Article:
Vasilios K. Tsevrenis, Neoliberalism and Representative Democracy - Influences on the Social Rule of Law, (in Greek), European Public Law Organization, 2020, 114 pp., ISBN: 978-618-5417-05-5
What makes neoliberalism so controversial? To what extent are its critics’ views and beliefs characterized by homogeneity? In an attempt to answer these questions, we will likely end up with one conclusion: neoliberalism is not an undivided ideology. When breaking neoliberalism down one shall encounter two major ideological tendencies being summed up as corporate neoliberalism and market neoliberalism. The difference might not be plain to see, but it pulls the strings of our lives every day.
Neoliberal advocates argue that democracy is served when market rules are followed, equalizing money with votes. Howbeit, two flaws - if not more - are glaring in the previous standpoint. First and foremost, when voting we all have one and only vote at our disposal, whereas this is not the case with financial means. Second, for neoliberalism to be functional, we need to act in a theoretically perfect competition environment. Nevertheless, within the globalized world we have strived to create, perfect competition is far from achieved while oligopolistic competition corners the market. In this respect, it would be justifiable to investigate and challenge the role of governments and political systems in deploring lobbying practices that fan the flames of unfair competition.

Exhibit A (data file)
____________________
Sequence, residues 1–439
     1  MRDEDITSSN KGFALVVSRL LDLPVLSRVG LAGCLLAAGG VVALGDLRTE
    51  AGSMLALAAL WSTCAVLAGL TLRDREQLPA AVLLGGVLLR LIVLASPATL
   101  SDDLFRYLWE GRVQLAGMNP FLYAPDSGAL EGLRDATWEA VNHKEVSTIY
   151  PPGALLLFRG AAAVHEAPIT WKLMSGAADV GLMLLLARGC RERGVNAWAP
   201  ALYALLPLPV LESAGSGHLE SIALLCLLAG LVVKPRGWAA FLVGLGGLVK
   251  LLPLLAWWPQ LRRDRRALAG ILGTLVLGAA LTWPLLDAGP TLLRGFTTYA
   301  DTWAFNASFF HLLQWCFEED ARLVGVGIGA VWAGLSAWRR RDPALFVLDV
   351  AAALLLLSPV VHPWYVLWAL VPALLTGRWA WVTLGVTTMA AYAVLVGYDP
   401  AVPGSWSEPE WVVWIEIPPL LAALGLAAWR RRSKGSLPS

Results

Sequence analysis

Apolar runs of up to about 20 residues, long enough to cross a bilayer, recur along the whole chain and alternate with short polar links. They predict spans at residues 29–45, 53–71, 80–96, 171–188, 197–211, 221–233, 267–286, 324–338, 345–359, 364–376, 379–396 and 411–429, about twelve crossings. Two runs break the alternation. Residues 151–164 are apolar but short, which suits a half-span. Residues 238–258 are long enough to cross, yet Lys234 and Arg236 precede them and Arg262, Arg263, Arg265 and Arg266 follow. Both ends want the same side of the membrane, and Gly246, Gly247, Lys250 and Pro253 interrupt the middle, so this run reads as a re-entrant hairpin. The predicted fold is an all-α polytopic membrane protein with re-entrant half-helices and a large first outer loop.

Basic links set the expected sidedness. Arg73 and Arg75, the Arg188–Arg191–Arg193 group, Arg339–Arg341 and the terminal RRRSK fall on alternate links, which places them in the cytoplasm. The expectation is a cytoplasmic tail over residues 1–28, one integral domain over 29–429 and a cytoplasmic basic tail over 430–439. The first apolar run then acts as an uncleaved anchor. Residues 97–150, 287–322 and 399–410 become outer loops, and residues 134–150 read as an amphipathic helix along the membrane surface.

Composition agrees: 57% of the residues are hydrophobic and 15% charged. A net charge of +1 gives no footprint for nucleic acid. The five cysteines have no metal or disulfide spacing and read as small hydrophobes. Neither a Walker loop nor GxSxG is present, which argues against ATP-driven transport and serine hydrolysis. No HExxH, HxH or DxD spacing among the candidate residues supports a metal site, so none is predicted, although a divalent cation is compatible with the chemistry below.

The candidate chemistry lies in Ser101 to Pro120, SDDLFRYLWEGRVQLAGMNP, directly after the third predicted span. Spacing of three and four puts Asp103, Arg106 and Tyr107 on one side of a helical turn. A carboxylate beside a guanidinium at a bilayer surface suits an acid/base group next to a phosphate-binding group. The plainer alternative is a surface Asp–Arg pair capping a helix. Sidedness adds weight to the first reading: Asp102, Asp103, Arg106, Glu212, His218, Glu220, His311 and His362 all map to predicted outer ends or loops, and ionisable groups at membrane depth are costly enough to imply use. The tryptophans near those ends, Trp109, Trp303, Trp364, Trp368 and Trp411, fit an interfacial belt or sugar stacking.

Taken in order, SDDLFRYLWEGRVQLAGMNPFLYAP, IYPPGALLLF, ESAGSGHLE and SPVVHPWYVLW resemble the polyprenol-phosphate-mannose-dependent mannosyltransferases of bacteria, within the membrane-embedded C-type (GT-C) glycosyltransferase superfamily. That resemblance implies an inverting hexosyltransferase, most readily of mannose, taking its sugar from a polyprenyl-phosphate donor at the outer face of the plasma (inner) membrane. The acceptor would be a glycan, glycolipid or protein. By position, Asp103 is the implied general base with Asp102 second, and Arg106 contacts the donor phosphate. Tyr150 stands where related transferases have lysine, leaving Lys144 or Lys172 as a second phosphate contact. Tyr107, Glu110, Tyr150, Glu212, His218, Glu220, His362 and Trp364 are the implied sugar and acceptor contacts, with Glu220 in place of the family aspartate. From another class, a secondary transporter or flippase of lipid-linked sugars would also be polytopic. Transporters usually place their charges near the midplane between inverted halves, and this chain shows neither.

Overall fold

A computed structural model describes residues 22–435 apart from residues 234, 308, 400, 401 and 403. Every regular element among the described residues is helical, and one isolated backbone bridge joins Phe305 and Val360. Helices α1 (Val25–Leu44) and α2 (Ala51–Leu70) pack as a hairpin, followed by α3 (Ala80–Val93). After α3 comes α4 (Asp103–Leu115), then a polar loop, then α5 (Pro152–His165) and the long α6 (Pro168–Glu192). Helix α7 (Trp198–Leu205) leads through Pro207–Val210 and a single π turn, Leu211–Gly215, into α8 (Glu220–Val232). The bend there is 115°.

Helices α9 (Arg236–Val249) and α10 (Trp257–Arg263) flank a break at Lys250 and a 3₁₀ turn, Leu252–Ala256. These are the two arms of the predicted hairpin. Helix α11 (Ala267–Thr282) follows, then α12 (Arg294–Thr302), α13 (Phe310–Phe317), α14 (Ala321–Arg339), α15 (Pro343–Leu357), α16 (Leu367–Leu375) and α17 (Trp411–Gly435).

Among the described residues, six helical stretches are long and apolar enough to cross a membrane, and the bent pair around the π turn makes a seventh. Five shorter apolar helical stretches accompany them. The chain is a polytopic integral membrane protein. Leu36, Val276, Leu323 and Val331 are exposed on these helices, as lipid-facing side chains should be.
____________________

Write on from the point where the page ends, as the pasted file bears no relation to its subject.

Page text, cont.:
Though nobody calls it by its name anymore, neoliberalism and its practices are more relevant than ever and should be subject to criticism and evaluation, seeking not to reject and renounce the ideology in its entirety but to identify and mitigate its weaknesses.
Vasilios Tsevrenis is a lawyer, PhD in Public Law at the Law School of the University of Athens, and an associate at the Scientific Council of the Hellenic Parliament. For his doctoral thesis, as well as his postdoctoral research he was granted a scholarship by the Onassis Foundation. Previously, he was a member of the scientific committee of the Hellenic Parliament Foundation for Parliamentarism and Democracy.